The purpose of the present study was to examine the effect of chronic ankle instability (CAI) on lower-extremity joint coordination and stiffness during landing. A total of 21 female participants with CAI and 21 pair-matched healthy controls participated in the study. Lower-extremity joint kinematics were collected using a 7-camera motion capture system, and ground reaction forces were collected using 2 force plates during drop landings. Coupling angles were computed based on the vector coding method to assess joint coordination. Coupling angles were compared between the CAI and control groups using circular Watson–Williams tests. Joint stiffness was compared between the groups using independent t tests. Participants with CAI exhibited strategies involving altered joint coordination including a knee flexion dominant pattern during 30% and 70% of their landing phase and a more in-phase motion pattern between the knee and hip joints during 30% and 40% and 90% and 100% of the landing phase. In addition, increased ankle inversion and knee flexion stiffness were observed in the CAI group. These altered joint coordination and stiffness could be considered as a protective strategy utilized to effectively absorb energy, stabilize the body and ankle, and prevent excessive ankle inversion. However, this strategy could result in greater mechanical demands on the knee joint.
Rumit S. Kakar, Seth Higgins, Joshua M. Tome, Natalie Knight, Zachary Finer, Zachary Doig, and Yumeng Li
The purpose of this study was to investigate normative and age-related differences in trunk and pelvis kinematics and intersegmental coordination during sagittal plane flexion–extension. Trunk and pelvis kinematics were recorded while 76 participants performed a maximal range of motion task in the sagittal plane. Cross-correlation was calculated to determine the phase lag between adjacent segment motion, and coupling angles were calculated using vector coding and classified into one of 4 coordination patterns: in-phase, antiphase, superior, and inferior phase. A 2-way mixed-model multivariate analysis of variance was used to compare lumbar spine and pelvis angular kinematics, phase lags, and cross-correlation coefficients between groups. Young participants exhibited greater trunk range of motion compared with middle-aged participants. The lumbar spine and pelvis were predominantly rotating with minimum phase lag during flexion and extension movement for both age groups, and differences in coordination between the groups were seen during hyperextension and return to upright position. In conclusion, middle-aged adults displayed lower range of motion but maintained similar movement patterns to young adults, which could be attributed to protective mechanisms. Healthy lumbar and pelvis movement patterns are important to understand and need to be quantified as a baseline, which can be used to develop rehabilitation protocols for individuals with spinal ailments.
Jupil Ko, Erik Wikstrom, Yumeng Li, Michelle Weber, and Cathleen N. Brown
Context: The modified Star Excursion Balance Test (mSEBT) and Y-Balance Test (YBT) are common dynamic postural stability assessments for individuals with chronic ankle instability (CAI). However, the reach distance measurement technique and movement strategy used during the mSEBT and YBT differ. To date, no studies have compared task performance differences on these tests in CAI patients. Objective: To determine whether individuals with CAI perform the mSEBT and YBT differently. Design: Cross-sectional. Setting: Biomechanics laboratory. Participants: Of 97 consented participants, 86 (43 females, 43 males; age 21.5 [3.3] y, height 169.8 [10.3] cm, mass 69.5 [13.4] kg), who reported ≤25 on the Cumberland Ankle Instability Tool, ≥11 on the Identification of Functional Ankle Instability, and had a history of a moderate to severe ankle sprain(s) participated. Interventions: Participants were instructed to perform the mSEBT and YBT in a predetermined counterbalanced order. Three anterior, posteromedial, and posterolateral trials of each test were completed on the involved limb after 4 practice trials. Test direction order was randomized for each participant. Main Outcome Measures: Normalized (expressed in percentage) reach distance in each direction. Paired sample t tests were performed to compare each of the 3 directions between the mSEBT and YBT. Results: Significantly shorter reach distances in the anterior (58.9% [5.8%] vs 61.4% [5.4%], P = .001) and the posteromedial (98.8% [8.6%] vs 100.8% [8.1%], P = .003) directions were noted on the mSEBT relative to the YBT. No differences in the posterolateral directions were observed. Conclusions: Within those with CAI, mSEBT and YBT normalized reach distances differ in the anterior and posteriomedial directions. As a result, clinicians and researchers should not directly compare the results of these tests.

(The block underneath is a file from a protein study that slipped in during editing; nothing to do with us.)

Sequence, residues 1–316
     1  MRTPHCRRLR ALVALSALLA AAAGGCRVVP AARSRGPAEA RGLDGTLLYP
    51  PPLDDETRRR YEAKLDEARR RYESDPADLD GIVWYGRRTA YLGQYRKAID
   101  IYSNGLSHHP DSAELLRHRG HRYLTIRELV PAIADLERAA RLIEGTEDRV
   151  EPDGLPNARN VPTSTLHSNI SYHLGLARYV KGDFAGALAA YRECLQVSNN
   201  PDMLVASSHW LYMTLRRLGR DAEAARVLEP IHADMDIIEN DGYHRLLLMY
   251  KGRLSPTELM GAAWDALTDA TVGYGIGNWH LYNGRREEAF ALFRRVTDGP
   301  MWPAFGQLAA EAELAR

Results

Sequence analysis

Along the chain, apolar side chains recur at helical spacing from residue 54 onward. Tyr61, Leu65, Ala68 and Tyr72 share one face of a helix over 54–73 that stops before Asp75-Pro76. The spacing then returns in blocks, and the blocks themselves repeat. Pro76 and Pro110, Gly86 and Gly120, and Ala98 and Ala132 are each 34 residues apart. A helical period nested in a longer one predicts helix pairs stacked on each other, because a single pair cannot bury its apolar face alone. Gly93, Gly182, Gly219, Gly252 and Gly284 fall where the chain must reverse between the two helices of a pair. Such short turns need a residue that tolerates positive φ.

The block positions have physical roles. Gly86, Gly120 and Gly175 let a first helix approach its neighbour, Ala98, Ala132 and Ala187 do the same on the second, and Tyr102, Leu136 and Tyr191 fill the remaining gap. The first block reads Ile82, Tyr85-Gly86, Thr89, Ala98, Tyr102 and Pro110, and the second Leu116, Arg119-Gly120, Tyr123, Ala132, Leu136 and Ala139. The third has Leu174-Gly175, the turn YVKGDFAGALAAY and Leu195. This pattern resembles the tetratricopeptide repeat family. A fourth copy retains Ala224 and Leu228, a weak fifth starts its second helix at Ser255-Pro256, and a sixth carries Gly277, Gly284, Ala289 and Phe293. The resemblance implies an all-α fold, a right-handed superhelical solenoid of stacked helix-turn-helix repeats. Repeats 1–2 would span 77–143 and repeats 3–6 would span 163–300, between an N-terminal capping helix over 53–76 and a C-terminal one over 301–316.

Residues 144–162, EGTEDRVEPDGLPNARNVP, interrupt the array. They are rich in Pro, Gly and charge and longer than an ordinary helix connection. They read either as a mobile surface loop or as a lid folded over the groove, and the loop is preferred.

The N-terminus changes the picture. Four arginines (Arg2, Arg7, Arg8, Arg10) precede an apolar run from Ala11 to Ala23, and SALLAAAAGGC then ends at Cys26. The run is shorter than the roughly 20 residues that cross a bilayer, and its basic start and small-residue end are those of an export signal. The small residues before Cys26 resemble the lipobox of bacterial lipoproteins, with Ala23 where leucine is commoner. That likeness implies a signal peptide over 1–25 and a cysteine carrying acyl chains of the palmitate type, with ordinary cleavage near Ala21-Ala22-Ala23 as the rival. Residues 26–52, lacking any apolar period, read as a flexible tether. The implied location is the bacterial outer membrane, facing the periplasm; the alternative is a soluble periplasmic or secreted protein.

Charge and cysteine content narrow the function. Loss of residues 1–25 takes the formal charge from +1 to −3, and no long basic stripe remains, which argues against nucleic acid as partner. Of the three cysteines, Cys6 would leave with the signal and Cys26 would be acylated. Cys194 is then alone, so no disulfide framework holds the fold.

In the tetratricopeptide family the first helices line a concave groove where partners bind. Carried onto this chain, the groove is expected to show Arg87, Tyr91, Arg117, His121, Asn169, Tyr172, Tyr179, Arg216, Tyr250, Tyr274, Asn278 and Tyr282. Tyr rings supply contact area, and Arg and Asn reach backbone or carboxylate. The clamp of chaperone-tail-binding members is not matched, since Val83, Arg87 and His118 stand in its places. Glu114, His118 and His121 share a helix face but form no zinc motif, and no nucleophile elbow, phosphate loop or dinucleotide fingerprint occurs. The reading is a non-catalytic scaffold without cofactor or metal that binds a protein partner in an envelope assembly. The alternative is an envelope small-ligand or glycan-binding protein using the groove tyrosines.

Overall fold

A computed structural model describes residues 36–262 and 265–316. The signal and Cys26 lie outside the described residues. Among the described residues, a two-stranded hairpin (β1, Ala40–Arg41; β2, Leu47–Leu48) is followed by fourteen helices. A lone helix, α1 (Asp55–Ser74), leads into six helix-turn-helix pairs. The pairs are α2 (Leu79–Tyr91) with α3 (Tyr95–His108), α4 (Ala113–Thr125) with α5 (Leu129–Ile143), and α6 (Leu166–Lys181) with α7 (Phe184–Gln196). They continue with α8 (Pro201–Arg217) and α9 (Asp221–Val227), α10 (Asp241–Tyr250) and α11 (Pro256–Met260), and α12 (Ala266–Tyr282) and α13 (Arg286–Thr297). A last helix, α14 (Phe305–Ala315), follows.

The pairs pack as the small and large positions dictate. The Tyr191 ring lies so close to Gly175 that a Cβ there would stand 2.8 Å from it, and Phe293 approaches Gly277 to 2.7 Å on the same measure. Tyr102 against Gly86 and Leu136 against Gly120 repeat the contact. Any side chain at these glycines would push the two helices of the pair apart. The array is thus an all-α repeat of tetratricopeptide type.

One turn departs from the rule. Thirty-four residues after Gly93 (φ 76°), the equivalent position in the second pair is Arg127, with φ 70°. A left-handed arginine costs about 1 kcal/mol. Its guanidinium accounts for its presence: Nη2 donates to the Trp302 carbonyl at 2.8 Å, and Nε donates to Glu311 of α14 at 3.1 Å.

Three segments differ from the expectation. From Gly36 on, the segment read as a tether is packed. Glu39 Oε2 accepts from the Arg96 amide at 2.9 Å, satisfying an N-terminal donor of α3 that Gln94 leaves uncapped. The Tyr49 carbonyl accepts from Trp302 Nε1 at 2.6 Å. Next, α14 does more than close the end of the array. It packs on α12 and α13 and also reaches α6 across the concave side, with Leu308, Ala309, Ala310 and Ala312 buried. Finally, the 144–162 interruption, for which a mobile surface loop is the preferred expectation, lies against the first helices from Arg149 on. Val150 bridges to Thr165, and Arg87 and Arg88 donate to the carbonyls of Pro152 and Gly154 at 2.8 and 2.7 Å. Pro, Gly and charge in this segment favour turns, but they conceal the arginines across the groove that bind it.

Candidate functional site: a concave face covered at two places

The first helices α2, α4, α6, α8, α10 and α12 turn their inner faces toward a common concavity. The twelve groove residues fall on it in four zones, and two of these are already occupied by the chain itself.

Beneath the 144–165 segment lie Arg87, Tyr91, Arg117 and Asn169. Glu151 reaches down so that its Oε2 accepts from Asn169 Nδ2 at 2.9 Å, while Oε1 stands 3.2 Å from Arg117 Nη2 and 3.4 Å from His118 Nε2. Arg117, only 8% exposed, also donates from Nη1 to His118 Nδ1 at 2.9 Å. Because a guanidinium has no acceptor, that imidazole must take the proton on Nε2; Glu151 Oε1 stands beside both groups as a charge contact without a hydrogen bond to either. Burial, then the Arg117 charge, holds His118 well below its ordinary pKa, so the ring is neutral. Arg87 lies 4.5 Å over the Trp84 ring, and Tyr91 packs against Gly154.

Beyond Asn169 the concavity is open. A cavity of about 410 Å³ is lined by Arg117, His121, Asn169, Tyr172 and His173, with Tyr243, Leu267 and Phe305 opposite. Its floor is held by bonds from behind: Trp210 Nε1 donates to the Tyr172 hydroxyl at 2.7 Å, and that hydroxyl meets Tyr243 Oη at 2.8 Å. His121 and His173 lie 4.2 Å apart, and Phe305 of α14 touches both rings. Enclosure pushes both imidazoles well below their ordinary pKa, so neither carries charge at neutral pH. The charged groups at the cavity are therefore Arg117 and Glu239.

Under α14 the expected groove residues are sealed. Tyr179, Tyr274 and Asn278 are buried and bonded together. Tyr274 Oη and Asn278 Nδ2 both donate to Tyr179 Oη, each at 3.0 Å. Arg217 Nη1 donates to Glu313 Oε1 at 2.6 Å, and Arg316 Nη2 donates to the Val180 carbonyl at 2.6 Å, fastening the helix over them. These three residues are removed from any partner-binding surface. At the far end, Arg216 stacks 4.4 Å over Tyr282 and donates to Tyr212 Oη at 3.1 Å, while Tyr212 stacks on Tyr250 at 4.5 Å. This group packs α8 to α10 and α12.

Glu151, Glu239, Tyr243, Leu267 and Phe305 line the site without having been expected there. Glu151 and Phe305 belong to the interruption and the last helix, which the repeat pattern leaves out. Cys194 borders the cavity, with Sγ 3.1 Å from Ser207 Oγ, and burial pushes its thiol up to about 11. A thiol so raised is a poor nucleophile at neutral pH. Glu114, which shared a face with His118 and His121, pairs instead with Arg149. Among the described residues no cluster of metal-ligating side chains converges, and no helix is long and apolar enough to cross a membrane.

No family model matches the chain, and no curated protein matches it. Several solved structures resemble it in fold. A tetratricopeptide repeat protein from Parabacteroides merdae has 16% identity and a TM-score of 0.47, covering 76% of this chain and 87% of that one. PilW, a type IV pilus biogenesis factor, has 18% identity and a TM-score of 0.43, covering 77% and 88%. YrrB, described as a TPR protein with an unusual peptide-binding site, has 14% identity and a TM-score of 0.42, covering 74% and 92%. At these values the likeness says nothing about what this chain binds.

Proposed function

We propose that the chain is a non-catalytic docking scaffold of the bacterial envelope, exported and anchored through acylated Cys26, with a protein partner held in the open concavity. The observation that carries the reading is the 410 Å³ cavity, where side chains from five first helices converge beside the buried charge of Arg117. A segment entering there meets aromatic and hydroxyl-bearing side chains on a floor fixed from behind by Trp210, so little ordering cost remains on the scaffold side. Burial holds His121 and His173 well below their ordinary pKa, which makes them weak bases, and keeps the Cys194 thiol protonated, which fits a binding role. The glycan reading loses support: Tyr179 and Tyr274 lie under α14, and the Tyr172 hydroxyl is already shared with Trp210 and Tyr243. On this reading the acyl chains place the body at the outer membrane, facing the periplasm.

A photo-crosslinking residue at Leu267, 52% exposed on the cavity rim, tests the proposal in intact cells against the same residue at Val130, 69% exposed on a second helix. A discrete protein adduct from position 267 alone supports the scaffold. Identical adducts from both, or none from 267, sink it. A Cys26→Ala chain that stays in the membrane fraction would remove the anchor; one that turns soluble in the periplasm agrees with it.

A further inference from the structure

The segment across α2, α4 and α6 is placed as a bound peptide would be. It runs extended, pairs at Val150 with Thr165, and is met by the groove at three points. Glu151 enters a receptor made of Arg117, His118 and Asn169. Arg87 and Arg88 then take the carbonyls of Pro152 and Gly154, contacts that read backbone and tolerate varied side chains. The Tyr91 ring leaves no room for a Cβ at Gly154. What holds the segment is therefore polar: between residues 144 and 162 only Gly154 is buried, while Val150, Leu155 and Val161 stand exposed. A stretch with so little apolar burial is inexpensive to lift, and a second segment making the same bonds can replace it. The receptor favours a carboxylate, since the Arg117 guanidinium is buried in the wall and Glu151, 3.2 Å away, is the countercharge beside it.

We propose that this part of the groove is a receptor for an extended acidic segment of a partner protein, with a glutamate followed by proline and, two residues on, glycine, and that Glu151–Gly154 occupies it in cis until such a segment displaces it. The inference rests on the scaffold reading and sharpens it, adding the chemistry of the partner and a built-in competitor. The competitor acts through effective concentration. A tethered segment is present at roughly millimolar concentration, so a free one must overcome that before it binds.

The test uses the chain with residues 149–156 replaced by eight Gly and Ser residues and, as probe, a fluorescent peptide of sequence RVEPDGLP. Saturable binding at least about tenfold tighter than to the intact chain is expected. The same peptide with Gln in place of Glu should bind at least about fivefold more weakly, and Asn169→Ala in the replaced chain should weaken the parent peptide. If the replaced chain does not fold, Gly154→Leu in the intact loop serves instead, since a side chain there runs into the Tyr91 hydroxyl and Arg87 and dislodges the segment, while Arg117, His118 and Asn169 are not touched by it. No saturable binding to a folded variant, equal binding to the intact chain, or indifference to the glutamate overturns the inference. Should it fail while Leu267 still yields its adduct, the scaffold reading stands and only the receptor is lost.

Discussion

Yumeng Li, Rumit S. Kakar, Marika A. Walker, Yang-Chieh Fu, Timothy S. Oswald, Cathleen N. Brown, and Kathy J. Simpson
The purpose of the study was to determine if the intratrunk coordination of axial rotation exhibited by individuals with spinal fusion for adolescent idiopathic scoliosis (SF-AIS) during running varies from healthy individuals and how the coordination differs among adjacent trunk-segment pairs. Axial rotations of trunk segments (upper, middle, lower trunk) and pelvis were collected for 11 SF-AIS participants and 11 matched controls during running. Cross-correlation determined the phase lag between the adjacent segment motions. The coupling angle was generated using the vector coding method and classified into 1 of the 4 major, modified coordination patterns: in-phase, anti-phase, superior, and inferior phase. Two-way, mixed-model ANCOVA was employed to test phase lag, cross-correlation r, and time spent in each major coordination pattern. A significantly lower phase lag for SF-AIS was observed compared with controls. Qualitatively, there was a tendency that SF-AIS participants spent less time in anti-phase for middle-lower trunk and lower trunk-pelvis coordinations compared to controls. Phase lag and anti-phase time was significantly increased from cephalic to caudal segment pairs, regardless of group. In conclusion, SF-AIS participants and controls displayed similar patterns of intra-trunk coordination; however, the spinal fusion hindered decoupling of intra-trunk motions particularly between the lower trunk-pelvic motion.